Egocentricity: The real-world problem

The proclivity of a body of people to reject responsibility for their actions is especially prominent in the western world. When faced with the prospect of scorn suddenly the ability to evade is heightened. It’s never the fault of the individual, always another group that’s not connected in any way to themselves. The cycle continues endlessly and the neglect for a problem increases until it may become too late.


Take the issue of the unavailability of clean water  in regions of the developing world for example. An area may only contain one standing body of water that is used communally as a means for bathing, drinking water, and cleaning clothes. It then becomes a breeding ground for diseases like cholera, adenovirus, and legionellosis. According to WHO an estimated “42 000 and 142 000 people die of cholera each year”, not counting the people infected with the three diseases. Not only are these prevalent in diseased bodies of water but the standing bodies of water become breeding grounds for mosquitoes. The mosquitoes factor in other diseases like the West Nile virus and malaria. WHO reports that “128 million” people in sub-Saharan Africa contracted malaria in 2013, 1/3rd the population of the US.



Yet, the issue does not come up on how to support these nations, but how to end general aid being sent to them. Public media depicts these areas as “slums” with dirty people who don’t deserve the aid. Never is there any good news about the areas, only the idea that contact with the developing world brings disease, war, terror and ruin to the rest of the world. The Ebola virus and the Zika virus existed way before the outbreaks that public media captures and sends to the US. But since the outbreak never spread over to the developed world, it wasn’t considered a topic to discuss. Suddenly, have some citizens fall ill with the virus and it becomes an actual pandemic. However, the issue is not to end the outbreak and cure it, but to limit the influx of people from the nations passing through the border. Aid is sparse and the people who do help are quarantined and slandered when they return home.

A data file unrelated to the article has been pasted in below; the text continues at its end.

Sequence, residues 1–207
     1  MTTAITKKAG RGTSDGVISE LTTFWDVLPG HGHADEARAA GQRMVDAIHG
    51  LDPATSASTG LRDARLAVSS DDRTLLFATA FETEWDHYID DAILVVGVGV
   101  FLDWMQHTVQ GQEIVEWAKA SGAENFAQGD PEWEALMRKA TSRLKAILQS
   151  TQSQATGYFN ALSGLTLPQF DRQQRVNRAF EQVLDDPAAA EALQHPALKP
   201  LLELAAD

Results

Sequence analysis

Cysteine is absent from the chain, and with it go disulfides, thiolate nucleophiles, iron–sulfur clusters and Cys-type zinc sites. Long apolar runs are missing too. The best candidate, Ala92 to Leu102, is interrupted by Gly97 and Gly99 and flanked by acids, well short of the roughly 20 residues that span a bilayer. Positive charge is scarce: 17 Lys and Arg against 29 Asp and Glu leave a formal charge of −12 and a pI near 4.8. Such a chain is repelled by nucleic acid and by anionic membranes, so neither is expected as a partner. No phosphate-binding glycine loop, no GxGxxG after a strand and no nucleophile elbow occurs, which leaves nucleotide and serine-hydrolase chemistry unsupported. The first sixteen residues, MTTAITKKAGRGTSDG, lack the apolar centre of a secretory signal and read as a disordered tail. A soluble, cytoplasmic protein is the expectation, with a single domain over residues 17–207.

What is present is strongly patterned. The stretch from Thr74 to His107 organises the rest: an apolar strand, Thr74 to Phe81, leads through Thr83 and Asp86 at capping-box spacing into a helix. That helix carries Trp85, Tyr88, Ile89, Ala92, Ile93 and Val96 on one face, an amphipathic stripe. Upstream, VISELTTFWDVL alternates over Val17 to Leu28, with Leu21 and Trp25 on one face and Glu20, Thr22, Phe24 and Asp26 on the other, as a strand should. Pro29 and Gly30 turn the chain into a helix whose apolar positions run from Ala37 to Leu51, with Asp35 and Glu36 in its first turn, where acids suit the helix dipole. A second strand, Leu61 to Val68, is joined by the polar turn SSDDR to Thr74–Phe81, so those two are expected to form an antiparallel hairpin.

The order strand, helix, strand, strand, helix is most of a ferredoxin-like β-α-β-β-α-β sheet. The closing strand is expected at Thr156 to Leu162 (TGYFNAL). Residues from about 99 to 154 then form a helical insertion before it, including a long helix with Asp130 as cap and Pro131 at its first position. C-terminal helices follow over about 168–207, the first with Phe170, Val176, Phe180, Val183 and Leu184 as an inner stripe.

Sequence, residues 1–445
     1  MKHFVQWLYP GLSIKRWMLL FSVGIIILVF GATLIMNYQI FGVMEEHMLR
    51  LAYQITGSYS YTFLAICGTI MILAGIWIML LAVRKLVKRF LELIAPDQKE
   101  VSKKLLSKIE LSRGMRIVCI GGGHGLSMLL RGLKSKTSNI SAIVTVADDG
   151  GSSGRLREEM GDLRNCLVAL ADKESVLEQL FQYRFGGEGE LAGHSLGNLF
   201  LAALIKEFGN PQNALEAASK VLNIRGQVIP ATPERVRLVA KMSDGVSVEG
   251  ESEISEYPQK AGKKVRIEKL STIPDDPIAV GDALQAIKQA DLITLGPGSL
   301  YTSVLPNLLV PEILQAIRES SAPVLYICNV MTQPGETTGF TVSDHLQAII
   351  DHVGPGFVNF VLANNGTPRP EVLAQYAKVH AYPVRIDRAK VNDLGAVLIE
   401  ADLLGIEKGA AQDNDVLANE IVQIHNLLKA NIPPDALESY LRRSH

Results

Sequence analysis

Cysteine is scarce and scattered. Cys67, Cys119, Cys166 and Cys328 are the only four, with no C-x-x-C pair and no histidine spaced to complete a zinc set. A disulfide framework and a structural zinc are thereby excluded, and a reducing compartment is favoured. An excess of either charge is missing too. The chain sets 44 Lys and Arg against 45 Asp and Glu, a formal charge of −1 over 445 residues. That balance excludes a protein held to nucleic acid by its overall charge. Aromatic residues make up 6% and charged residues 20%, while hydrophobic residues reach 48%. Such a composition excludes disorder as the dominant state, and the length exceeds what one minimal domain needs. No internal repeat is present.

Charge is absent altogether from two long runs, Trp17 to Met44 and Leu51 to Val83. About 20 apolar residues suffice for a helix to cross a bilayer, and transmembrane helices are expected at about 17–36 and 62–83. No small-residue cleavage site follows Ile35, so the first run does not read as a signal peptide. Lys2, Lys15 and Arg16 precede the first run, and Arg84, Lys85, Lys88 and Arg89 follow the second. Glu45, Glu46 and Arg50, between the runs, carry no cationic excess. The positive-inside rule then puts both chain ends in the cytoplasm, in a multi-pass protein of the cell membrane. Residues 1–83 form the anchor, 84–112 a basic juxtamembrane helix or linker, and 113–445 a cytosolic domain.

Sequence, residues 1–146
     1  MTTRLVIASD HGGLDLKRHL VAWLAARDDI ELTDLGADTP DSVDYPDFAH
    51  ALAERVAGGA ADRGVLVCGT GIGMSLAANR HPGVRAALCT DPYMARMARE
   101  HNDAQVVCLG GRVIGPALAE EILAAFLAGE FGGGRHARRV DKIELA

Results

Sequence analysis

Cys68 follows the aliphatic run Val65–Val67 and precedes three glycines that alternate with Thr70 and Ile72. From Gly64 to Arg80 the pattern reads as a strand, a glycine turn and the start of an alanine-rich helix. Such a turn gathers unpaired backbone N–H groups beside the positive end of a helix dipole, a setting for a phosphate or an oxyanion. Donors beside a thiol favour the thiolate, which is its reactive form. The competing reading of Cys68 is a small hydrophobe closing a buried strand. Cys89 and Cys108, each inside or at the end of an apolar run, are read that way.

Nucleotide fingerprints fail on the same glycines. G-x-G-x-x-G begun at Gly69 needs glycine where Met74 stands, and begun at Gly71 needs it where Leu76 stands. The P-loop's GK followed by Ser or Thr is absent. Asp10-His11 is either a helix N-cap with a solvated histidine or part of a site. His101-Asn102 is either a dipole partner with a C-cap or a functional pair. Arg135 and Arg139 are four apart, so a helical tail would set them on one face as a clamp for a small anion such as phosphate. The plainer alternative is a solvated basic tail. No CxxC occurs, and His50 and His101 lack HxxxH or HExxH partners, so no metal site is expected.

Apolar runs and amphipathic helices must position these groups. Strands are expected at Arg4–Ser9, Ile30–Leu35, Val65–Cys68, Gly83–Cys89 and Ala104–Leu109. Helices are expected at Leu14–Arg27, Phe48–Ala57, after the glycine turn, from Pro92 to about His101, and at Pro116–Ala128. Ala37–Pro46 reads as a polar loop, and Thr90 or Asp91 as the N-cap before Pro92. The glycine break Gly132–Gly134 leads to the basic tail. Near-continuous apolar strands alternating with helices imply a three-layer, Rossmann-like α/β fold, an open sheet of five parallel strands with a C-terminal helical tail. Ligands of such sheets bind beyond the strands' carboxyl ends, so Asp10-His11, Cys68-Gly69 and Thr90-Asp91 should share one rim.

If the issue isn’t prevalent in the developed world, resources aren’t put into it. When 1,000 Americans were asked what the worst disease they face, 40% list cancer, followed by heart disease and diabetes. This is where the money goes because it is prevalent to us. That’s not to say that cancer research shouldn’t be funded, but there’s no solution yet. When there’s such a simple solution is already present, why aren’t we correcting it?

Simple: because it’s not “our problem”. It’s the ignorant belief that the nations brought it upon themselves and need to fix it themselves. While we have our plumbing systems use drinkable water just to simply use the facilities, so to speak, millions of others are suffering from illnesses that should be already eradicated. Rather than make the tuberculosis vaccine available to the 9.6 million people who contracted the disease in 2014, we protest over the incorrect notion that vaccines cause autism. While we gripe over the fact that Leonardo DiCaprio hasn’t won an Oscar yet, women are dying during childbirth because of the improper equipment and women are getting dangerous procedures to have abortions because of the cultural stigma.


But of course, please continue complaining about how the players in NBA 2K15 don’t have accurate statistics. Tune me out, just like you, the media, and the developed world tune out the rest of the world.


“Americans Rank Cancer As Nation’s Worst Disease.” – Rasmussen Reports™. Lifestyle, 6 Mar. 2014. Web. 19 Jan. 2016.

“Number of Reported Deaths Due to Cholera.” WHO. World Health Organization, 2014.

“Scale-up in Effective Malaria Control Dramatically Reduces Deaths.”WHO. World Health Organization, 9 Dec. 2014. Web.